Friday, April 03, 1970

Rabbis Seek Help in Anti-Drug Drive

Rabbis Seek Help in Anti-Drug Drive
New York Times - April 3, 1970

Considering the number of individuals who have histories of drug addictions who also have a history of being abused as children (emotionally, physically and sexually), this historic article is important.

Thursday, April 02, 1970

Case of Sheldon Selikoff

Case of Sheldon Selikoff
Superintendent of scouting at Public School 13 - Yonkers, NY
East Coast Mortgage Company - Greenburgh, NY
Organizer - The Bronx County Kennel Club Show - Bronx, NY
North Miami Beach, FL
Aventura, FL
Golden Beach, FL
Suny Isles, FL
Sunny Isles Beach, FL  

December 9, 1926 - December 24, 2003 

Sheldon Selikoff at the age of 44 was arrested and later convicted on charges of obscenity and the sexual assault of an 18-year-old employee in Greenburgh Town Court.  He is believed to have run a child pornography ring.  He was a Yonkers resident and was an assistant leader of a Boy Scout troop.  

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Table of Contents:

  1. Bronx to Discuss Future of Its Show  (04/02/1970)
  2. Scout Aide Charged In Pornography Case (08/13/1970)
  3. Westchester Scout Leader Indicted on Morals Charges (09/22/1970)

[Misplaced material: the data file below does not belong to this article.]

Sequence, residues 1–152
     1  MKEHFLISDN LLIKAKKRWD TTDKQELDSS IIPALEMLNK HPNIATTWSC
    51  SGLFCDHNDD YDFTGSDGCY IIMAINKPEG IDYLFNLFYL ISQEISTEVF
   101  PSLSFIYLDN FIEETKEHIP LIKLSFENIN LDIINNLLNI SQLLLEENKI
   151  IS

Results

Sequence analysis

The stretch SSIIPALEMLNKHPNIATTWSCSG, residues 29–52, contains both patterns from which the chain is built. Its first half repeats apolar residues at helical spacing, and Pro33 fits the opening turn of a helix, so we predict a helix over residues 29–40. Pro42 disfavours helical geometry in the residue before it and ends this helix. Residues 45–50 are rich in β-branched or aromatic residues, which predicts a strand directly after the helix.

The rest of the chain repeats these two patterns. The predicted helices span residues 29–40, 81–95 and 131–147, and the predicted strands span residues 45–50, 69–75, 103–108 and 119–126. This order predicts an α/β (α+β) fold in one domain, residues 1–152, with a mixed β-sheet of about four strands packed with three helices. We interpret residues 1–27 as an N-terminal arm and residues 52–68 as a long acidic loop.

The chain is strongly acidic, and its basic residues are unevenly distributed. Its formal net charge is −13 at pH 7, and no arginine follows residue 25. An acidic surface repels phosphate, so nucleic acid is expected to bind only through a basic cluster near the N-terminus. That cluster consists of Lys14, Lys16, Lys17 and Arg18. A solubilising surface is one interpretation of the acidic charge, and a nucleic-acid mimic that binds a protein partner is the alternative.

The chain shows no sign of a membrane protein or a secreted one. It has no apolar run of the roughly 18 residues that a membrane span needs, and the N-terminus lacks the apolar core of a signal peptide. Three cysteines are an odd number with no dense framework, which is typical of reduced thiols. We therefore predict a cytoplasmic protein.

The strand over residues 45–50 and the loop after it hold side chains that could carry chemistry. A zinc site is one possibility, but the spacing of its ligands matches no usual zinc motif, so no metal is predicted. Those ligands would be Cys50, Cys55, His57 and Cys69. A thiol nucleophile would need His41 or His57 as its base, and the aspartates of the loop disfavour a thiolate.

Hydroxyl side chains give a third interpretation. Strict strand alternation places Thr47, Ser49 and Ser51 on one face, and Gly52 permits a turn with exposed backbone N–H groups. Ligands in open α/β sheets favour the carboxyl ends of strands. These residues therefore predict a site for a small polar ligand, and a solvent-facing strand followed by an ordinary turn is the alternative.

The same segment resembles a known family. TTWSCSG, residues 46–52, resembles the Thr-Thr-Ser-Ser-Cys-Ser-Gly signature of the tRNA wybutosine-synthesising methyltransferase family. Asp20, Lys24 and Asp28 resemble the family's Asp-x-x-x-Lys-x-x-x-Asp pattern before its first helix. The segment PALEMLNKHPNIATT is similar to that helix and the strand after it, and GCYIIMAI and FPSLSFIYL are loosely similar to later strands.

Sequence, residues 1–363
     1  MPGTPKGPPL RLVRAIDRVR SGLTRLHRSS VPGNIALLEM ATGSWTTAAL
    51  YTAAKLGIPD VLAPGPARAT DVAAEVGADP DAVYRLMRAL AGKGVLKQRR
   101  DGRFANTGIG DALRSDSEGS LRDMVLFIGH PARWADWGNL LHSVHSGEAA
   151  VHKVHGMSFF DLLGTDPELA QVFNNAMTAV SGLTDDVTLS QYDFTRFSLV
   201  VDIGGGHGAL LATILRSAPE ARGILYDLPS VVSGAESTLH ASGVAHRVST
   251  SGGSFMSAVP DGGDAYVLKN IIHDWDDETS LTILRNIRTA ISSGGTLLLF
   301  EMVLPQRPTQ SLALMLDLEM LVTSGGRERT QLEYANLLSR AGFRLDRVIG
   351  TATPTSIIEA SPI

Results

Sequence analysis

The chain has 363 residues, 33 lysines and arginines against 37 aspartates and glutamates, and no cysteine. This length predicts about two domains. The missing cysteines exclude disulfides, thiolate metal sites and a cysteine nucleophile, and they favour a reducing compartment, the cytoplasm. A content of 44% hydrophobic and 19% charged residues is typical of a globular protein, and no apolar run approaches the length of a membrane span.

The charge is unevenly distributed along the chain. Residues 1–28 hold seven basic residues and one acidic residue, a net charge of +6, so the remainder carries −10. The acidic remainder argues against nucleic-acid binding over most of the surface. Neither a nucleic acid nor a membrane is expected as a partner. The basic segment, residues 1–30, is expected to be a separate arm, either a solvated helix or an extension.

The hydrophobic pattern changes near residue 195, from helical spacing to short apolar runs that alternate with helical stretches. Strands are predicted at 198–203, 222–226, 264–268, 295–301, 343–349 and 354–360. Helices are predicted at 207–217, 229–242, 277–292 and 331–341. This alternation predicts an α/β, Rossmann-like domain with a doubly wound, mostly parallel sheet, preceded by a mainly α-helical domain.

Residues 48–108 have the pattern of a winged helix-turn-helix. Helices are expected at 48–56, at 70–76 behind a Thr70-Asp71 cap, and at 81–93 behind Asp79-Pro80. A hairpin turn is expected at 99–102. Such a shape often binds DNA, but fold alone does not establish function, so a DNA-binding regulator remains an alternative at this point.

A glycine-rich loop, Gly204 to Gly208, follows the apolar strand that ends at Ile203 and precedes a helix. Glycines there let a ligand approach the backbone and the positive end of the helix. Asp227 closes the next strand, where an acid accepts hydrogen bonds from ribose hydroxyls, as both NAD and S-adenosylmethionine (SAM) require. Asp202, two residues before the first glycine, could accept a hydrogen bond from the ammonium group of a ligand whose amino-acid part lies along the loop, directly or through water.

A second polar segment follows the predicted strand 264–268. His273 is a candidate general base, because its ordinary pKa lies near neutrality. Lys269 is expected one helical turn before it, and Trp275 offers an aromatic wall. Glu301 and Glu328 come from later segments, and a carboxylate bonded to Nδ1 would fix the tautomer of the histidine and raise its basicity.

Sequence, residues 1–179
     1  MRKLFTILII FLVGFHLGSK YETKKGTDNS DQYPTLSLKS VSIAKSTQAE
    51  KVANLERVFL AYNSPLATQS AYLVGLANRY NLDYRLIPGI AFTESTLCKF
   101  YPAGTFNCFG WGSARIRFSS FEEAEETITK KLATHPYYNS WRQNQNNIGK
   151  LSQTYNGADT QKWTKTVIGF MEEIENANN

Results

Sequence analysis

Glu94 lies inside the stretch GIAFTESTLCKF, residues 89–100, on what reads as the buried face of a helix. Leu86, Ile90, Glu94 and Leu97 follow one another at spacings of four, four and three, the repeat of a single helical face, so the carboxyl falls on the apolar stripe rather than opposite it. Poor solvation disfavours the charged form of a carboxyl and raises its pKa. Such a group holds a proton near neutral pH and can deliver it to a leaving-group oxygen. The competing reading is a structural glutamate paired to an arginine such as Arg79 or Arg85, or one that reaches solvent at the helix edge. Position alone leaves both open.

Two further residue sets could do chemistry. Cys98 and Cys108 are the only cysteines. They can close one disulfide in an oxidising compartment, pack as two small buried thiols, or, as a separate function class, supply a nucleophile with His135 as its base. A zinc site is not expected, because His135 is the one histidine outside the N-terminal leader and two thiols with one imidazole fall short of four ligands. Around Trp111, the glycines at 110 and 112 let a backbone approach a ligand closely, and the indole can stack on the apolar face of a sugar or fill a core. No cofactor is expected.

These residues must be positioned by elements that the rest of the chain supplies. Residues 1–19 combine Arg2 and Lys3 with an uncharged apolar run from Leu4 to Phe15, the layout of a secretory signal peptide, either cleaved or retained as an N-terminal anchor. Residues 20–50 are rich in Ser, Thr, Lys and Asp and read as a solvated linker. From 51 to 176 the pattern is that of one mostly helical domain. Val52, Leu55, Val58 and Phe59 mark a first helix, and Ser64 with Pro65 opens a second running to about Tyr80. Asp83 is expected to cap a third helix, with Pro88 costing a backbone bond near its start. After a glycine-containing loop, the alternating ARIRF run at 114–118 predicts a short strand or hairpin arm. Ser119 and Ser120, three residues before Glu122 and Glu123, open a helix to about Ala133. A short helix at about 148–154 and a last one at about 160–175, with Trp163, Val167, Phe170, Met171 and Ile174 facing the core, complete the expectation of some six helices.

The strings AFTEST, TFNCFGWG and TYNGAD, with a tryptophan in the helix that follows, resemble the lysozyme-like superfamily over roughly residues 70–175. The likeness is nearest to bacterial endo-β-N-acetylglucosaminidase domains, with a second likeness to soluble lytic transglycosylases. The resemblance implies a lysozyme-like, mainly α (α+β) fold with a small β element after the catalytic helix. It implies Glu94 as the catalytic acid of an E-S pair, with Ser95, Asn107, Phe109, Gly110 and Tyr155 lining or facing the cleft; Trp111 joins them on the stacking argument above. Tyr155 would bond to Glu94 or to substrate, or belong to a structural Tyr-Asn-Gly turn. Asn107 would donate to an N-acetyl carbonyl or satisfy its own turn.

1. People State New York v. Sheldon Selikoff (05/07/1973)

  1. Elderly man dies after driving off Route 80 into tree (11/25/2003)


Bronx to Discuss Future of Its Show 
New York Times - April 2, 1970

The Bronx County Kennel Club show, forced outdoors last Saturday when the Kingsbridge Armory became unavailable on short notice because of the National Guard occupancy, will be reviewed by members at a meeting next Wednesday.  The future of the 48-year-old fixture also will be discussed.  

Capt. Arthur J. Haggerty, the president, said yesterday that some members had suggested abandoning the armory altogher because of the uncertainties surrounding its use at any given time.  Haggerty, who operates a chain of dog training schools, favors a compromise –– one primary location, the armory, and an alternate location.